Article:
It isn’t easy being a forty-year old divorced white American Muslim woman who is a writer. That label doesn’t bring the boys to your yard — or even to your inbox.
At forty years old, if you are a white American Muslim woman who has lived throughout the Muslim world, you are ready for a different experience with your faith. You’ve seen enough “cultural” Islam to write a satirical encyclopedia. Now you want to know the deeper essence. You wish you had a community to help with this journey, but every mosque in a hundred mile radius is about the immigrant experience, translated through an Arabic-only filter, and people discuss issues that you wrote about more than a decade ago.
Been there. Done that. Next.
If you are a forty-year old divorced American woman, there will be no more children. That part of your life is finished. Khalas. Over. This means, by default, every man you meet around your age, Muslim or not, will want to procreate as soon as possible. Or, they will have a few kids with a several years of raising left on them. At this age, you want to spend whatever time you have left journeying towards the self rather than to Toys-R-Us.
Because you are a writer and now finally able to stretch out into creativity, you will notice that most men in such circles are twenty-seven years old with deceptive hipster beards that make them look far older (trickster beards is a more apt description). Or, they are middle-aged and comfortably partnered. You will go to readings and couples will be everywhere: fat ones, young ones, tattooed ones, bearded ones. Everybody will have someone but you, because at forty years old, you should be interesting enough to at least have a date.
There will be a few dates, of course. One will be an alcoholic pot smoker who tells you that he doesn’t normally get “good girls like you.” He will never have a good girl since he is always inebriated. For one brief moment, you miss conservative Muslim men who wouldn’t dare embarrass you by drinking all the wine at a poetry reading to sweat profusely during the prose. You can’t wait to get away from this sad, clichéd middle-aged ex punk rocker. You think if dating is as pathetic as this, you will gladly refuse the experience.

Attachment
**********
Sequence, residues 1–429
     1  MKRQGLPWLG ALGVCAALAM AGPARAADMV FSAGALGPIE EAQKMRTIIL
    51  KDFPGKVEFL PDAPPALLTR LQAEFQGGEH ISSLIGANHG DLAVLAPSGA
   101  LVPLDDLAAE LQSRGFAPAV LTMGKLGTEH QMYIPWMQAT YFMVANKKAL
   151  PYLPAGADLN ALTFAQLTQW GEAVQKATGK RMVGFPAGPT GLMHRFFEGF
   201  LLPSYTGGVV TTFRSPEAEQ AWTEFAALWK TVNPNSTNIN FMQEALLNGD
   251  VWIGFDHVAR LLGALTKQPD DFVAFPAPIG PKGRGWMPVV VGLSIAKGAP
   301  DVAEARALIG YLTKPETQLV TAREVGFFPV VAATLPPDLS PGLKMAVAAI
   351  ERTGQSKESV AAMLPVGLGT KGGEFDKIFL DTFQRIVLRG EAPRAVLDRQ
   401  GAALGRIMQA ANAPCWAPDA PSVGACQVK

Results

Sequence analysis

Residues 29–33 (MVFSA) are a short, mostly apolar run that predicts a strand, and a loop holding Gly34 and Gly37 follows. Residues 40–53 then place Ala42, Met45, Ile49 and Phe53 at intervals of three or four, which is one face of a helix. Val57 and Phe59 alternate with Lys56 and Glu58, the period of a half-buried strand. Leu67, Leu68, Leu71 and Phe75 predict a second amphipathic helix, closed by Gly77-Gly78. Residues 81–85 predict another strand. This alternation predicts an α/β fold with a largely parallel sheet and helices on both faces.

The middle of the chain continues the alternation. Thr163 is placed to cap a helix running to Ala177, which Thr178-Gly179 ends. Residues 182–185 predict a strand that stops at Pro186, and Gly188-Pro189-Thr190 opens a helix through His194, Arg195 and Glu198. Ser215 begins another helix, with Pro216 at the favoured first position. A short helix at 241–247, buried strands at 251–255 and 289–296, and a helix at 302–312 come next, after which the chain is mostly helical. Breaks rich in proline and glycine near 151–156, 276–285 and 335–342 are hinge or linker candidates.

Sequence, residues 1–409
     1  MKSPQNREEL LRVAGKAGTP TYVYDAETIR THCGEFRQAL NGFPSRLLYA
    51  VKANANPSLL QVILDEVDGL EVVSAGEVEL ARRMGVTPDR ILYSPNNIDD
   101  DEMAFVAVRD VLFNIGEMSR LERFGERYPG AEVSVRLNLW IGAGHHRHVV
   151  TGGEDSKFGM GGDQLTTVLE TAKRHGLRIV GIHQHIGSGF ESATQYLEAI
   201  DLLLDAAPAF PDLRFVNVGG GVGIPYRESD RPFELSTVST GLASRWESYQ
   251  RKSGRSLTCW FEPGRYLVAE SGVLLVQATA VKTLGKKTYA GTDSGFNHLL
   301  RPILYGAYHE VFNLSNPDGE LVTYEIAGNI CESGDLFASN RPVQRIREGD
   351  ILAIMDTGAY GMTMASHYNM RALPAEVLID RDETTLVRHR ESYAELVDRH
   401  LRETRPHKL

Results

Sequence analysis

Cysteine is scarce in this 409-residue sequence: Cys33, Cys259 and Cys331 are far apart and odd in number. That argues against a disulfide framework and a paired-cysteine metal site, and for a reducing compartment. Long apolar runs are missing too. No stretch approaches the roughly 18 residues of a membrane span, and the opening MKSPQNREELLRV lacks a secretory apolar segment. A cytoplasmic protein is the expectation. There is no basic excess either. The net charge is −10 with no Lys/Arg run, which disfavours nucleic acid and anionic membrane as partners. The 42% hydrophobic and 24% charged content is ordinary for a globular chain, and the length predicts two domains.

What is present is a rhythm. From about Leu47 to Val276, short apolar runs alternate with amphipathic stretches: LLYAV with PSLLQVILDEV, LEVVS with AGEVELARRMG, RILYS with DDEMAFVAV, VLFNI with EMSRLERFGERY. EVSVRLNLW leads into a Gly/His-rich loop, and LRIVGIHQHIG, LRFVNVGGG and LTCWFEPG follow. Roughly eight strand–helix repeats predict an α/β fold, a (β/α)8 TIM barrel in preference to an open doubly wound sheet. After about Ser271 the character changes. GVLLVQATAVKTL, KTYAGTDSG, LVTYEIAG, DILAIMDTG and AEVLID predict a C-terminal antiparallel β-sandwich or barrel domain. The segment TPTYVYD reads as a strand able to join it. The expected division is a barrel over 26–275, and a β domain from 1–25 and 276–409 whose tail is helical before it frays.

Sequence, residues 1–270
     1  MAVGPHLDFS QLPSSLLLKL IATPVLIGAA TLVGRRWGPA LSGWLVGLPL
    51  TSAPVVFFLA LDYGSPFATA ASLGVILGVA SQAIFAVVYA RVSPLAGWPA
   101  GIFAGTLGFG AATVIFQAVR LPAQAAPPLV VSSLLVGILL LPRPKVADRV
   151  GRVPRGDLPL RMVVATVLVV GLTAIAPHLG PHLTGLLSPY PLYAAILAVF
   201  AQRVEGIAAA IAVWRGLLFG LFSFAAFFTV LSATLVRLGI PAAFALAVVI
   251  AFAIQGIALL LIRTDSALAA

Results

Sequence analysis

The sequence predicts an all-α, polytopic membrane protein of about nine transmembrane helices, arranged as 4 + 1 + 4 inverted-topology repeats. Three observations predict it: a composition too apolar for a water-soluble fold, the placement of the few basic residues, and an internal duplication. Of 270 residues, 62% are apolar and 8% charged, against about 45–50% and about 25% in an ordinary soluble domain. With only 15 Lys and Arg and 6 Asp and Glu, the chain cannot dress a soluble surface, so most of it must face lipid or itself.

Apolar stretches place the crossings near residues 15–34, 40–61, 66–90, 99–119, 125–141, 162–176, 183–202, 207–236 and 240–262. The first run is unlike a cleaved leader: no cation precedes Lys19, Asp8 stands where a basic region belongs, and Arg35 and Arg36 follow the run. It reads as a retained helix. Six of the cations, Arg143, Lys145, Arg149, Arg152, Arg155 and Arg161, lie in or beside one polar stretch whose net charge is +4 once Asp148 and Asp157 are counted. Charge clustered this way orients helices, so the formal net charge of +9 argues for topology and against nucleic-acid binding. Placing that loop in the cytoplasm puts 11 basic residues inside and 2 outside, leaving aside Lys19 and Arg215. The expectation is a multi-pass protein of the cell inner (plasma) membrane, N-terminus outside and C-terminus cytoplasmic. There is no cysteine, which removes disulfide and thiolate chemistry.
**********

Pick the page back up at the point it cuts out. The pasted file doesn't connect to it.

Of course, you are a writer and you like being alone. In fact, almost everything you’ve done in life, you have completed in solitude because you are one of those introverts who feel depleted if people crowd your space. But no one likes being alone all the time. What you want more than anything – more than just romance or an unexpected embrace – is a good conversation with a man. It is a simple thing, really. You just want a guy with whom you can discourse.
Except that no one will talk to you.
You may be introverted but you aren’t shy. You approach interesting looking men and make small talk with a smile that feels just a tad uncomfortable, because you really aren’t big on smiles, but you are genuinely interested in people’s stories. This freaks men out, even if your curiosity at that moment is merely intellectual.
The boys who fall in your path always seem scared of you.
You know a few things for sure, like how the average Muslim man won’t consider you as a potential partner. You are forty-years old, divorced, and you aren’t having any more children. Plus, you desire to redefine your understanding of Islam beyond the normative experience. Muslim men are not going to talk to you at all, except the Salafi ones who say Alhamdulillah every other word and who want a second or third wife because, Alhamdulillah sister, it is the Sunnah.
Non-Muslim men may talk to you a little bit but they will think that you are slightly weird. There will be large pieces of yourself that you won’t know what to do with when it comes these men, except for the few who are Buddhist or Taoist, or just spirituality curious and intellectually advanced. But those guys will be married to their petite, pixie-coifed wives with whom they blissfully eat artisanal Vermont cheese in their artsy bungalows. Of course, you want that lifestyle, but you can’t even get a guy to have a conversation with you. So every Friday and Saturday evening, you eat your cheese alone. You read esoteric crap like Islamic epistemology and you think about things like “does consciousness survive death,” while you make up a list of ideas that wish you could share with someone.
Sometimes, you think you should pimp the Muslim thing like a ninja and corner one of those academic types in the coffee shop and say, “I am going to go jihad on your ass if you don’t sip your Fair Trade organic espresso at my table.”
Because, apparently, the only way that you are going to find love as a forty-year-old divorced white American Muslim woman is through an ass whooping and a good cup of coffee.